Mesovortex tracks from the (a) LLW experiments and (b) NLLW experiments. Dashed lines without markers are mesovortex tracks derived from the KOKC TDWR. Markers correspond to experiments as indicated in the legend.

Citation: Monthly Weather Review 139, 11; 10.1175/MWR-D-10-05051.1

Figure 18 presents a conceptual diagram of the secondary and primary gust front interaction for the LLW and NLLW experiments. As outlined above, assimilation of CASA radial velocity leads to a more accurate analysis of the low-level wind shear profile ahead of the primary convective cold pool, leading to favorable shear, baroclinicity, and convergence for mesovortex intensification along the secondary gust front during the forecast period when the surging secondary gust front overtakes the slow-moving, weaker primary gust front (Fig. 18a). Without the assimilation of CASA radial velocity data, the analyzed low-level front-normal shear is weak (and negative) ahead of the primary convective cold pool and associated gust front, which allows the primary gust front to surge too far to the east during the analysis and forecast periods. As a result, the secondary gust front remains behind the primary convective gust front, which precludes the secondary gust front from interacting with the prefrontal low-level shear flow thus leading to weaker shear, baroclinicity, and convergence along the secondary gust front (Fig. 18b). These conditions lead to a lack of mesovortex development along the secondary gust front in the NLLW experiments and instead, weak, short-lived mesovortices form in the weaker shear and baroclinicity along the primary gust front in the NLLW experiments. Thus, the overall impact of assimilating CASA Vr data in this case is to indirectly set up environmental conditions that are favorable for long-lived mesovortex development by directly preventing the primary gust front from moving too far to the east in the analysis and early forecast period.

Fig. 18.
Fig. 18.

A conceptual model summarizing the impact of assimilating low-level wind information from radar radial velocity data (or the lack thereof) on the forecast evolution of the primary and secondary gust fronts (and associated wind field) from (a) LLW and (b) NLLW assimilation experiments. Light and dark shading represents active convective and stratiform regions of the MCS, respectively. The hashed elliptical area in (a) marks the region favorable for the development of long-lived mesovortices owing to strong baroclinicity and strong convergence where the secondary gust front overtakes the primary gust front. The unfilled elliptical regions in (b) marks areas of weak low-level shear and weak convergence–baroclinicity along the primary and secondary gust front, respectively, in the NLLW experiments. These areas are unfavorable for the development of long-lived mesovortices.

Citation: Monthly Weather Review 139, 11; 10.1175/MWR-D-10-05051.1

5. The impact of high-frequency Oklahoma Mesonet data

The experiments presented in this section examine the relative role of data from a mesoscale surface observation network and data from the CASA radars, both of which are available at (at least) 5-min intervals. Questions to answer include if the mesonet data can play as effective a role as the CASA low-level wind observations.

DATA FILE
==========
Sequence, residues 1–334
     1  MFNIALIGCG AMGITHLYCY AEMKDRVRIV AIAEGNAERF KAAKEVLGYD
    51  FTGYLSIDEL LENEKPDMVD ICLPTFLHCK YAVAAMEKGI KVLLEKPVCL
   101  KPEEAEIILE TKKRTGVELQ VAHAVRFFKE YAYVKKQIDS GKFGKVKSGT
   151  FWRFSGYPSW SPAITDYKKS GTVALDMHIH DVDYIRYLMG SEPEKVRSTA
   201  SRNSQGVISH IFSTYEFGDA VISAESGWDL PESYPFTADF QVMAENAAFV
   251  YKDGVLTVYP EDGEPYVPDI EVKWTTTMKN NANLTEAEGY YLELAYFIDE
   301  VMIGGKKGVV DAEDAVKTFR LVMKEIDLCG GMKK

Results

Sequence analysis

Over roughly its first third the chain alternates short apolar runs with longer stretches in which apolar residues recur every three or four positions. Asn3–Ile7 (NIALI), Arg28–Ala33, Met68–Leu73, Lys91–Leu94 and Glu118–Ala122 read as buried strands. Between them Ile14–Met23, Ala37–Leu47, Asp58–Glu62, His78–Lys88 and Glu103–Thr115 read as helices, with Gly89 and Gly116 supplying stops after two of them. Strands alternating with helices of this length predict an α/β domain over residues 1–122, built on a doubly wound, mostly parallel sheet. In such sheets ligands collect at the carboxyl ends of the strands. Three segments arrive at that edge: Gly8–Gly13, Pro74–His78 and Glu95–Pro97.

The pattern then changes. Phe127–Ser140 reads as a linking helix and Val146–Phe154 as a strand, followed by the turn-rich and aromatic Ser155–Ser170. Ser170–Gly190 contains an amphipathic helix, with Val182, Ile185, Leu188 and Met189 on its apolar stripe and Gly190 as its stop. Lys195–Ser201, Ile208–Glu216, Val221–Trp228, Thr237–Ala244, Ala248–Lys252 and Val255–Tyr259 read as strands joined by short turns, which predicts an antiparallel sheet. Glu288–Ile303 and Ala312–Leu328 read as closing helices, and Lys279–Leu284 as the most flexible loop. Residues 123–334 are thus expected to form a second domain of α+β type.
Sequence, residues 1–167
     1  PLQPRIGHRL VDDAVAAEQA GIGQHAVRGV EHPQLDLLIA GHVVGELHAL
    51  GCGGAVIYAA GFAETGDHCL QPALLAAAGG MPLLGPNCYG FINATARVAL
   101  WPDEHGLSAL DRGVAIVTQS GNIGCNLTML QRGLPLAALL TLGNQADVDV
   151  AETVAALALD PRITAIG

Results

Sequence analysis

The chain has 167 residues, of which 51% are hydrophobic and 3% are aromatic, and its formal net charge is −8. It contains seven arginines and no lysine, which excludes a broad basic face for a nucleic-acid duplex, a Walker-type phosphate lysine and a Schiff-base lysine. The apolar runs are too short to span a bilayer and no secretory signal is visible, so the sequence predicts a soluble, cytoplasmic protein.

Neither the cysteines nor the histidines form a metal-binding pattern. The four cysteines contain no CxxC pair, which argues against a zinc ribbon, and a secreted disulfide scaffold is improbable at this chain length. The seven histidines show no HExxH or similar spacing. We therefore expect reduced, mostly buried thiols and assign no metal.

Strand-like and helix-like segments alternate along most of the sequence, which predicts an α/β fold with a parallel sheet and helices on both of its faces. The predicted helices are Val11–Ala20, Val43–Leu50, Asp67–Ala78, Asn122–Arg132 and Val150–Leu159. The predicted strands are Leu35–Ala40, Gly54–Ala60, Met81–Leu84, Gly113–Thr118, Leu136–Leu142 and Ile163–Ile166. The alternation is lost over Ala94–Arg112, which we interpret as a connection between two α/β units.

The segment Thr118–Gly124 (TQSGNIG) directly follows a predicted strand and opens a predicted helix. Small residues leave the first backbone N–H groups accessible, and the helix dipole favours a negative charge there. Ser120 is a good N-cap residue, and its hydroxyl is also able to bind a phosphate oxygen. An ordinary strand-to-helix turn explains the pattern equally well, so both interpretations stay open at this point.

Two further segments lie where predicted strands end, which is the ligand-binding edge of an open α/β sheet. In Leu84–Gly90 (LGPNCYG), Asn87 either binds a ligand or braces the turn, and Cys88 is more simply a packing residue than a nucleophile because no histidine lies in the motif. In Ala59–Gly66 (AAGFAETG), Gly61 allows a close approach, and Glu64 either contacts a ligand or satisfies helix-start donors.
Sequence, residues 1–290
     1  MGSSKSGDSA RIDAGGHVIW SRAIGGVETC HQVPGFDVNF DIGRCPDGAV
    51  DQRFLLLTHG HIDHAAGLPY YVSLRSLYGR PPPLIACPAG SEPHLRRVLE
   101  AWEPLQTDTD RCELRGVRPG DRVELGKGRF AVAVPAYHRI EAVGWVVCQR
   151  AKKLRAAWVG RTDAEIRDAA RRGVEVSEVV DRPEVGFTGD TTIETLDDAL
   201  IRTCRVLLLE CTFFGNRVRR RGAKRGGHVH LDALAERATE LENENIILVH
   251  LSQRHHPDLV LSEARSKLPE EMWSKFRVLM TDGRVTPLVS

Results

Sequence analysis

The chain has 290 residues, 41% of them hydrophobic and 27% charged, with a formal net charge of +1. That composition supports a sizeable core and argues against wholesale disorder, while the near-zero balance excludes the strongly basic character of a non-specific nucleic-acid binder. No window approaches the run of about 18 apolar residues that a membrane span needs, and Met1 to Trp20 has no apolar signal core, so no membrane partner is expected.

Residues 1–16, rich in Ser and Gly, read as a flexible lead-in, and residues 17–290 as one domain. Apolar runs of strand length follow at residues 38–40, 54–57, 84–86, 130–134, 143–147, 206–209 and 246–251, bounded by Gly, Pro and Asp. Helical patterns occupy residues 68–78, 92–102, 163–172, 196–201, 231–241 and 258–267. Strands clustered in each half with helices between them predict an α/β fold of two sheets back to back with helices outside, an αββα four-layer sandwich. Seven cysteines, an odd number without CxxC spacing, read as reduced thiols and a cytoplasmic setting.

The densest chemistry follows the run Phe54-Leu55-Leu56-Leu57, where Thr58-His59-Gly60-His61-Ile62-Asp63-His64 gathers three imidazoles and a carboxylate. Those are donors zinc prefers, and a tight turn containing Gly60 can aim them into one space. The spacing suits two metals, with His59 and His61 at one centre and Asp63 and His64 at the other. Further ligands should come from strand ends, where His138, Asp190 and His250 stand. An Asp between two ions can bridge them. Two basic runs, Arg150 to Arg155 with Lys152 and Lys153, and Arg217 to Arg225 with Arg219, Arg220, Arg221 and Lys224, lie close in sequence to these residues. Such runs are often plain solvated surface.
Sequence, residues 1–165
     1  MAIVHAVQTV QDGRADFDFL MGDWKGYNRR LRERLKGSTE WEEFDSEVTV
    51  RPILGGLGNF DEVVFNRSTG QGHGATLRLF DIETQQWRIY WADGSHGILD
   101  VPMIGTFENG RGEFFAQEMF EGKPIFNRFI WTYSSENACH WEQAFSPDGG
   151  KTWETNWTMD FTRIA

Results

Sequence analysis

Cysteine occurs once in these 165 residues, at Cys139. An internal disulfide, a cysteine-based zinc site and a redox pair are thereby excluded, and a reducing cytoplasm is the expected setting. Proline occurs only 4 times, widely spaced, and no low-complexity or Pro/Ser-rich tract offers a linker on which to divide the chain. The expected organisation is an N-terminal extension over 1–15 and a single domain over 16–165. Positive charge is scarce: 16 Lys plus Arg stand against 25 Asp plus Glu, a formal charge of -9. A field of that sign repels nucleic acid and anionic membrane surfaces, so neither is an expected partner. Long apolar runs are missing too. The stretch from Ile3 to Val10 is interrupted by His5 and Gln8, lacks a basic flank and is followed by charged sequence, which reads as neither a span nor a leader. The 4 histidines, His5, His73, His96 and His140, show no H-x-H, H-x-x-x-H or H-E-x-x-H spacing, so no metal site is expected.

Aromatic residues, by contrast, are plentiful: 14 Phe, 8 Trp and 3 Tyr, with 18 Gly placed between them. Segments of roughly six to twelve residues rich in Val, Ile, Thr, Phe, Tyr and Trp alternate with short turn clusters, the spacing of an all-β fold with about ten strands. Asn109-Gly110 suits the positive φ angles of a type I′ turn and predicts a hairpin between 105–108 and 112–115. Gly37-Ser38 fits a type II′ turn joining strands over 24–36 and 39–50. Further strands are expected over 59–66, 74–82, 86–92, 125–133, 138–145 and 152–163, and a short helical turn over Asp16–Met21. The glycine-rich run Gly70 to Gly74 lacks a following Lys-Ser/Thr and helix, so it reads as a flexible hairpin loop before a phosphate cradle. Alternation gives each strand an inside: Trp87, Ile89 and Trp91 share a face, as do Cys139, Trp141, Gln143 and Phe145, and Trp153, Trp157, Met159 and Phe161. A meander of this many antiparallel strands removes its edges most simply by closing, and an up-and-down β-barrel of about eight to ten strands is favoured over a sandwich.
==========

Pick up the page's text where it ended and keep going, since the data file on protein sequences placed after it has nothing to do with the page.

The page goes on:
a. Analysis results

The 0220 UTC analysis from CASAVrZ5MM features a well-defined gust front with a similar orientation and position to that of CASAVrZ (Figs. 19a,b). Only subtle differences exist between CASAVrZ5MM and CASAVrZ 0220 UTC analyses, indicating that the addition of 5-min Oklahoma Mesonet has little impact on the pertinent features. The only differences are in the low-level thermodynamic fields, manifested in θe values that are about 4 K higher in CASAVrZ5MM throughout the analysis domain. This difference is due to the fact that the Oklahoma Mesonet provides direct near-surface thermodynamic observations, information that cannot be provided by wind data alone as the 3DVAR formulation used here lacks cross covariances between state variables. The wind field analyses in Figs. 19a,b are virtually identical.

Fig. 19.
Fig. 19.

As in Fig. 3, but for (a) CASAVrZ5MM, (b) CASAVrZ, (c) CASAZ5MM, and (d) CASAZ.

Citation: Monthly Weather Review 139, 11; 10.1175/MWR-D-10-05051.1

More significant differences exist when 5-min Oklahoma Mesonet observations are assimilated in experiment CASAZ5MM. Specifically, the easterly inflow in advance of the convective line is better resolved in the latter portions of the assimilation window in CASAZ5MM than in CASAZ (Fig. 20). By 0220 UTC, this leads to the gust front being located about 10 km farther west in CASAZ5MM than in CASAZ (Figs. 19c,d). The low-level easterly inflow also yields generally weak-to-moderate positive low-level shear ahead of the gust front in CASAZ5MM at 0220 UTC (Fig. 20c), suggesting a slower eastward movement in the latter analysis period. In CASAZ, the low-level shear ahead of the gust front, especially along the northern portion, generally remains weak (and negative) at 0220 UTC (Fig. 20d).

Fig. 20.
Fig. 20.

As in Fig. 5, but at 0205 UTC for (a) CASAZ5MM and (b) CASAZ and 0220 UTC for (c) CASAZ5MM and (d) CASAZ.

Citation: Monthly Weather Review 139, 11; 10.1175/MWR-D-10-05051.1